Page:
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Stock. Area. Earliest Home. Tribes, &c. Population.
46. Wakashan (Kwakiutl-Nootka). Most of Vancouver Island (except some 2/3 of the E. coast) and most of the coast of British Columbia from Gardner channel to Cape Mudge; also part of extreme N.W. Washington. Somewhere in the interior of British Columbia. 3 main divisions, with more than 50 “tribes.” 4765, of which 435 are in the United States.
47. Washoan. In E. central California and the adjoining part of Nevada, in the region of Lake Tahoe and the lower Carson valley. In N.W. Nevada. 2. About 200, in the region of Carson, Reno, &c.
48. Weitspekan (Yurok). In N.W. California, W. of the Quoratean. In N. California or S. Oregon. 6 divisions; no true tribes. A few hundreds; in 1870 estimated at 2000 or more.
49. Wishoskan (Wiyot). In N.W. California, in the coast region, S. of the Weitspekan. In N. California. 3-5 divisions; no true tribes. Nearly extinct.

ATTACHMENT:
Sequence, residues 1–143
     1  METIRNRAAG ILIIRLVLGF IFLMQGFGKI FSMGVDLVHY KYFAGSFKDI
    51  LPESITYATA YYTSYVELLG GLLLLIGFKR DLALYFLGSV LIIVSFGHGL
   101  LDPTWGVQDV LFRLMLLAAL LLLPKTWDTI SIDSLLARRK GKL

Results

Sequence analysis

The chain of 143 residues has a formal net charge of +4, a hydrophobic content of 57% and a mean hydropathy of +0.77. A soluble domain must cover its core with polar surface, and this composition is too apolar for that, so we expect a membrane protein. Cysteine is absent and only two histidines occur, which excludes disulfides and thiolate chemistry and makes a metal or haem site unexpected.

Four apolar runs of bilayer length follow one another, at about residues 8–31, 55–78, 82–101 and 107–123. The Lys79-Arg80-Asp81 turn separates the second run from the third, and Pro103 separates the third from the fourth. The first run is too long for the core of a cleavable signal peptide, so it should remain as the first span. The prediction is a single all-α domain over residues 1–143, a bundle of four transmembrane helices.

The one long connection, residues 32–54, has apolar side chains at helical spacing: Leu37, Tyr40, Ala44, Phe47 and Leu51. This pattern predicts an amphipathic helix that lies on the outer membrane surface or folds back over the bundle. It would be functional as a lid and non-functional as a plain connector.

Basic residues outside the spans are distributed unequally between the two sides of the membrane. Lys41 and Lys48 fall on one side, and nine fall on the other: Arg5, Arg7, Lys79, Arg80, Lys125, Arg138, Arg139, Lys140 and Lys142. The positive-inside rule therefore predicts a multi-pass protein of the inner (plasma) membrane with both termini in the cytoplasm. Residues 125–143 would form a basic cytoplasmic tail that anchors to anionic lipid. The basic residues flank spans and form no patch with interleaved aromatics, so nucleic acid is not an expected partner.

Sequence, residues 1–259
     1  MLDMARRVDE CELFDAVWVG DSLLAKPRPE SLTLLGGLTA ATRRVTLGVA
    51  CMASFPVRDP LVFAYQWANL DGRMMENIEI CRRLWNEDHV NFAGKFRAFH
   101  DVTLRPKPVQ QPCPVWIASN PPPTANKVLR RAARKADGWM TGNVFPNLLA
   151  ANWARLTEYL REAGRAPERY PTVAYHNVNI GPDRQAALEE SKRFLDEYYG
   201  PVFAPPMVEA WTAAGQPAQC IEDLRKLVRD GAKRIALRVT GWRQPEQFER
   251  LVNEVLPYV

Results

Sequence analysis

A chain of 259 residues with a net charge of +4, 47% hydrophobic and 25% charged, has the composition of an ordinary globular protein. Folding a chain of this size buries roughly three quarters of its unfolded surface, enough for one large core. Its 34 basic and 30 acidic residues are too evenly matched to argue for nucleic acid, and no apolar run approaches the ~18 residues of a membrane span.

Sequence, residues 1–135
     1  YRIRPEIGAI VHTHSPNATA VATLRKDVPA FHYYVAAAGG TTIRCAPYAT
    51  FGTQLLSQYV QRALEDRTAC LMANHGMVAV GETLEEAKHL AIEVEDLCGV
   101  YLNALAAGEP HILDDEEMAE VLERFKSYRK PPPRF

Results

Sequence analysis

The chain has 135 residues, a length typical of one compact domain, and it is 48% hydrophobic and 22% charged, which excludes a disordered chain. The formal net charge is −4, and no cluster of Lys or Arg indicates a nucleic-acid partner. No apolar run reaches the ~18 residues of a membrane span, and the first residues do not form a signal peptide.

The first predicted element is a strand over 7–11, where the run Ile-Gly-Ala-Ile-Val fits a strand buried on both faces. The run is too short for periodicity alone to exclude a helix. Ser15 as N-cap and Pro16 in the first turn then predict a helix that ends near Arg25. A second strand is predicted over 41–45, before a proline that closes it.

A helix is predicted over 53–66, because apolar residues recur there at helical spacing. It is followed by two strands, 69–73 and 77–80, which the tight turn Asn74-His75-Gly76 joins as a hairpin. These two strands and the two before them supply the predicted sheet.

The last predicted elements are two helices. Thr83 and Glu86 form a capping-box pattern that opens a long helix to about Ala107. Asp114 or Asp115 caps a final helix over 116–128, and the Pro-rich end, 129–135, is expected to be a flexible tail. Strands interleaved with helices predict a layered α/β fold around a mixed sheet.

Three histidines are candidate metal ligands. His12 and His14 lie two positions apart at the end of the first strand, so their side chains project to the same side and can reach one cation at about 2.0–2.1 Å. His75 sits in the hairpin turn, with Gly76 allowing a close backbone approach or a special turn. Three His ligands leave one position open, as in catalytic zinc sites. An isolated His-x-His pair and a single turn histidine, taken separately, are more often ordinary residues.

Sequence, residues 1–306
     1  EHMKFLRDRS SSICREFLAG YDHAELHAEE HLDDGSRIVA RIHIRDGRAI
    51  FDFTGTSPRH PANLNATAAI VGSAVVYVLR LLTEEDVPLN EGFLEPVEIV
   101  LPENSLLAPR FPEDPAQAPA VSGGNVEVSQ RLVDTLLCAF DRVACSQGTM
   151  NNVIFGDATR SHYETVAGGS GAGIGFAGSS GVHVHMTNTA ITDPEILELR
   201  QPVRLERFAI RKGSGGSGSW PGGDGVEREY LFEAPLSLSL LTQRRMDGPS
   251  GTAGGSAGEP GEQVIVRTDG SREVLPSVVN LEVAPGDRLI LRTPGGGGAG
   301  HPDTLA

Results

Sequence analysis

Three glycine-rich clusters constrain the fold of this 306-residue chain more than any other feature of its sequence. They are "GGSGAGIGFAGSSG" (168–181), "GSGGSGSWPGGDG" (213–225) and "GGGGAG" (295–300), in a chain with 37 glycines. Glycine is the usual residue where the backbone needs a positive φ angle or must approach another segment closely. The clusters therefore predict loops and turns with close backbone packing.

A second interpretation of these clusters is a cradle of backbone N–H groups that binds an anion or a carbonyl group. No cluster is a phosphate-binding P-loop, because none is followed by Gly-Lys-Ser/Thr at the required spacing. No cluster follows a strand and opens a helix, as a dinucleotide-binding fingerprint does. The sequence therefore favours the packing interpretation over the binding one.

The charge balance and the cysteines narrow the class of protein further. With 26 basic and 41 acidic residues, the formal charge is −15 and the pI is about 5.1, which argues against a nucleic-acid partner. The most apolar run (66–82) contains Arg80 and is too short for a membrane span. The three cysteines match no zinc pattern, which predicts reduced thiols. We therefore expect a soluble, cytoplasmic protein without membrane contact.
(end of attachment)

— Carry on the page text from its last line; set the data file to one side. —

50. Yakonan. In W. Oregon, in the coast region and on the rivers from the Yaquina to the Umpqua. W. central Oregon. 4 chief divisions, with numerous villages. About 300, on the Siletz Reservation.
51. Yanan. In central N. California in the region of Round Mountain, &c., S. of the Shastan. Somewhere farther E. 1. Practically extinct; in 1884 but 35 individuals living.
52. Yuchian. In E. Georgia, on the Savannah river from above Augusta down to the Ogeechee, and also on Chatahoochee river; remnants now in Oklahoma. Somewhere E. of the Chatahoochee. 1. About 500, with Creeks in Oklahoma.
53. Yukian. In N.W. California, E. of the Copehan, with a N. and a S. section; in the Round Valley region. N. or central California. 5 divisions; no true tribes. About 250.
54. Yuman. In the extreme S.W. of the United States (lower Colorado and Gila valley), part of California, most of Lower California, and a small part of Mexico. N.W. Arizona. 9-10. In the United States about 4800.
55. Zuñian. In N.W. New Mexico, on the Zuñi river. Some part of the New Mexico-Arizona region. 1. 1500.